Seven months ago in March, the Vatican’s diplomatic representative to the United Nations did something unusual.
Prior to March, the Vatican’s official stance on the Syrian conflict was to oppose military strikes in Syria and to that end, Pope Francis wrote to Putin during the G20 summit in 2013 and asked him to urge world leaders to peruse ‘talks’.
But as 2013 progressed into 2015, it became all too clear that the conflict had struck a knife into the heart of something near and dear to the Vatican – christianity in ISIS held territories.
Every day, the christian population in these territories suffer brutal persecution easily comparable with that of the Jewish persecution under the Nazi regime through branding, enslavement, rape, torture, beheading, hanging, etc.
It was this persecution that caused the Vatican to rethink its policy in Syria and for the first time call upon the United Nations to use military force against ISIS.
However, since the Vatican urged the United Nations to intervene militarily, the effort by the United States led coalition to defeat ISIS has been largely anemic.
For example, in September, Gen. Lloyd Austin, head of US Central Command, made an embarrassing admission to the Senate Armed Services Committee. He said almost all of the Syrian rebels trained by the American military as part of the $500 million dollar program to fight ISIS had either been killed, captured or had fled from ISIS militants.
“Of the Rebels that are left in the fight… we’re talking… four or five!!” the General awkwardly told the committee.
Half a billion dollars had produced – but 4 – US backed rebels at that particular point in time.
To compound the US’s lacklustre effort, the last remaining US aircraft carrier in the region left the Persian gulf last week.
The Vatican’s call for an effective military force against ISIS seemed to fall on deaf ears.
In many respects the Papacy has been in this situation before. Its a situation where the Vatican supports the use of military force in an effort to preserve itself and by extension, Roman Catholicism.
A notable example occurred prior to AD 800 when the existence of the Pope was threatened by war. The emperor of Constantinople could no longer afford him protection against the Longbeards and so the Pope formed an alliance with the French emperor in A.D. 800 who gave him ‘temporal’ control over three states making him not just a religious ruler but a civil and military ruler over his own states.
However in 1870 the Pope lost this temporal power, and 145 years later in 2015, the Pope now presides over a religious administration that lacks any significant military and civil power.
Without a military backbone, the Vatican has been effective at ‘seducing and influencing’ the nations, however, as the Time Magazine notes, this ‘influence’ is beginning to show its limits:
Ultimately many of the world problems are not responsive to the kind of “soft power” Francis is deploying.
~ Time Magazine
And so the Vatican’s policy on dealing with ISIS changed from ‘talks’ to ‘military intervention’. From ‘soft power’ to ‘hard power’ as Time puts it. However no military entity to date has effectively responded to the Vatican’s call… until last month.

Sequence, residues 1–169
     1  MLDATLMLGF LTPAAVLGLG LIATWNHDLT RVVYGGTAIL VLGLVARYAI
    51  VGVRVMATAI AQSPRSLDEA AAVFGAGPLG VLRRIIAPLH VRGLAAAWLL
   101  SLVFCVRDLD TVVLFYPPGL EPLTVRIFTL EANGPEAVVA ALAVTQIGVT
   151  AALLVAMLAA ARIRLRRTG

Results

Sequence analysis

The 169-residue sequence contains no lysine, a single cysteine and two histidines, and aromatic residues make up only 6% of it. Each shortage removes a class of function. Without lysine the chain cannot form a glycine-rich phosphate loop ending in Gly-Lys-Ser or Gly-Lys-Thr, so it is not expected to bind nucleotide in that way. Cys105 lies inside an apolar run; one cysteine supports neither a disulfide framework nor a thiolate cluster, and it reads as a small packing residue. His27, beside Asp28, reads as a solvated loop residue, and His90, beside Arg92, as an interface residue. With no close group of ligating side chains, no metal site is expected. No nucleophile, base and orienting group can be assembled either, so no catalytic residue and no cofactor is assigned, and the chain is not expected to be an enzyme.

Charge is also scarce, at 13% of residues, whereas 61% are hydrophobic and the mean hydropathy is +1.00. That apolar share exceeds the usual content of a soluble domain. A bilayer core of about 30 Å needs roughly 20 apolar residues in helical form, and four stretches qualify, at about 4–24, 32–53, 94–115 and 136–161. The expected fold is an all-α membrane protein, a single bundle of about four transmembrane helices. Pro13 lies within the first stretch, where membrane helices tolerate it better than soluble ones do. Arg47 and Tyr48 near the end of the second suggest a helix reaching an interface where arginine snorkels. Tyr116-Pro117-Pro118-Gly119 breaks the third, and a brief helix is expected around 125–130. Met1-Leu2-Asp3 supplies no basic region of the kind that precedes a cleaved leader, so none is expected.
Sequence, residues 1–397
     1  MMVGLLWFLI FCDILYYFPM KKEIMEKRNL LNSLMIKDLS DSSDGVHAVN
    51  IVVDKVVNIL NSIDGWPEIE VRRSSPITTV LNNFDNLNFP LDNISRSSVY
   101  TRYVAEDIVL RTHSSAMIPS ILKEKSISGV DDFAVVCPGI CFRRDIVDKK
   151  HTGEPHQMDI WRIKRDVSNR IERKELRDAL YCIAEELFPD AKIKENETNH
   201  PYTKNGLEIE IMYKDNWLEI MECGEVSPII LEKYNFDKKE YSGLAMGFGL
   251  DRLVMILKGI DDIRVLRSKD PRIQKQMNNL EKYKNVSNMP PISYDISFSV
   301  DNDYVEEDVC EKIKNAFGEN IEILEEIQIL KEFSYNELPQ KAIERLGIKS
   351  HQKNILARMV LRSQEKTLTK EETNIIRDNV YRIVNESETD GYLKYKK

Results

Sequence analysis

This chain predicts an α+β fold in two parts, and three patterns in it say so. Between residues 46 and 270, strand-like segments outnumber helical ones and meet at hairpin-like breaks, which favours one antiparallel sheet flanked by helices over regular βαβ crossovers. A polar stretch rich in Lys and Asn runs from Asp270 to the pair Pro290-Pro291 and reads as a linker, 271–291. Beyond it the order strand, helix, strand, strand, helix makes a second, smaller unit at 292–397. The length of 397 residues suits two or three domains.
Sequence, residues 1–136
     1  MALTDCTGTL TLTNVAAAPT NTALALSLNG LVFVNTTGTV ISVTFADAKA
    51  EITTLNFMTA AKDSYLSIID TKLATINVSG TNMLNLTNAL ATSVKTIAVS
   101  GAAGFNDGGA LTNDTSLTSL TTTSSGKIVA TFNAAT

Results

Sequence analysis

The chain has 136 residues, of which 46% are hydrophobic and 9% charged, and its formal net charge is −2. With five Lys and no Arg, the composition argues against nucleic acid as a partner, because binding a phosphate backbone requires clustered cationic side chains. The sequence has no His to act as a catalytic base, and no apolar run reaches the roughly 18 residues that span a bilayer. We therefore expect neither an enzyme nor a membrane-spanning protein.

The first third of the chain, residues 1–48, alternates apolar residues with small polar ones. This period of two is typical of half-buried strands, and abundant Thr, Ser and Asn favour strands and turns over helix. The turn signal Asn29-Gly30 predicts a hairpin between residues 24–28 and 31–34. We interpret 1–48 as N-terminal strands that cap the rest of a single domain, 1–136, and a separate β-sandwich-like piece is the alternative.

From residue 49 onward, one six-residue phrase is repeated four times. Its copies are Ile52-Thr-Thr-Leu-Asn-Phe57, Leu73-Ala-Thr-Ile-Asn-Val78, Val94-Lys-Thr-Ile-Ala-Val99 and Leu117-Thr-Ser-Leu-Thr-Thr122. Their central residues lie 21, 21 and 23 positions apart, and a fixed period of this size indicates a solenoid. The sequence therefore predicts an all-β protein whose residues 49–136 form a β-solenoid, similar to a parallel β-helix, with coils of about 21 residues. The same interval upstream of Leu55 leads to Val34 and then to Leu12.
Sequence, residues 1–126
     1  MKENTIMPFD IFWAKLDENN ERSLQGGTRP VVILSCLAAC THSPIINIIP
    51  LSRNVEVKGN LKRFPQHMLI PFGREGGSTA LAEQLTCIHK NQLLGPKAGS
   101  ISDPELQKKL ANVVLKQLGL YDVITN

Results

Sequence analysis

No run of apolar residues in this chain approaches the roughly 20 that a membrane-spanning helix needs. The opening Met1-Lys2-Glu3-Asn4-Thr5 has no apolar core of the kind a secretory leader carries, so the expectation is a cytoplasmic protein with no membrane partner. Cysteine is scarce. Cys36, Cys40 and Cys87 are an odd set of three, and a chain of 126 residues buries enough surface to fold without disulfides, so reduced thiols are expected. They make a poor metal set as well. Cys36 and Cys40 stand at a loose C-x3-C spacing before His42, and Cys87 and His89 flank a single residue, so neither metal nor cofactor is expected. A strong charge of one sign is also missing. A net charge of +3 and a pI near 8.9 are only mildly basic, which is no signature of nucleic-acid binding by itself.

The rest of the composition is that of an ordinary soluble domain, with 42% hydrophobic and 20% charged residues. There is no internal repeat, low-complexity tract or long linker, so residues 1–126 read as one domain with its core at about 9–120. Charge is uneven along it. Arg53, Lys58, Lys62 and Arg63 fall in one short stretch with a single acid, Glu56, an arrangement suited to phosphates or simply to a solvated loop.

It was last month that Putin poured military assets into Syria and asserted himself as a power to be reckoned with.
Immediately, US warplanes were ordered to divert away from Russian bombers who are bombing on average more than 5 times the intensity than US bombers and last week, Russia started using cruise missiles to bomb enemy strongholds with no advanced notice to US air-traffic.
As Stratfor notes, Russia isn’t hindered by the same rules of engagement that limit U.S. operations – Russia shoots first and asks questions later.
But lets do away with commenting on Russia’s aggressive operational presence because the Papacy sees something else in Russia that is of even greater value.
The MOST alluring aspect of Russia’s operation in Syria in the eyes of the Papacy is that Russia sees its own role in the Middle East as the Holy protector of Christianity.
Russia’s ties to the Middle East are rooted in its self-assigned role as the defender of Orthodox Christianity, which it claimed to inherit from the Byzantine Caesars after the fall of Constantinople in 1453
~ New York Times
In 2012, a Russian Orthodox cleric asked Putin to make ‘the protection of Christians one of the foreign policy directions in future’.
“This is how it will be, have no doubt,” – was Putins answer
Putin as a defender of Christianity is not a new concept on Russian soil, but it is a concept that is only just beginning to play out in practice in the Middle East.
What does it all mean?
Writing in 1868 in a book entitled “Exposition of Daniel”, Dr. John Thomas makes the following observation of such a conflict which might bring together the latter day Holy Roman Empire:
But the time is not far off, when the Latin Bishop (The Roman Catholic Pope) may have to seek again to the Constantiopolitan Autocracy (Russian) for protection.
~ Exposition of Daniel
With Russia exploiting its long held imperialist ambitions in the Middle East as part of a holy war to save Christians, it cannot be far off before it looks elsewhere (Turkey) to comprehensively realize those ambitions.
When that does happen, the Vatican will finally have a willing military partner in Russia who will be established as the Gogian autocracy of Constantinople – the Eastern leg of the latter day Roman empire.
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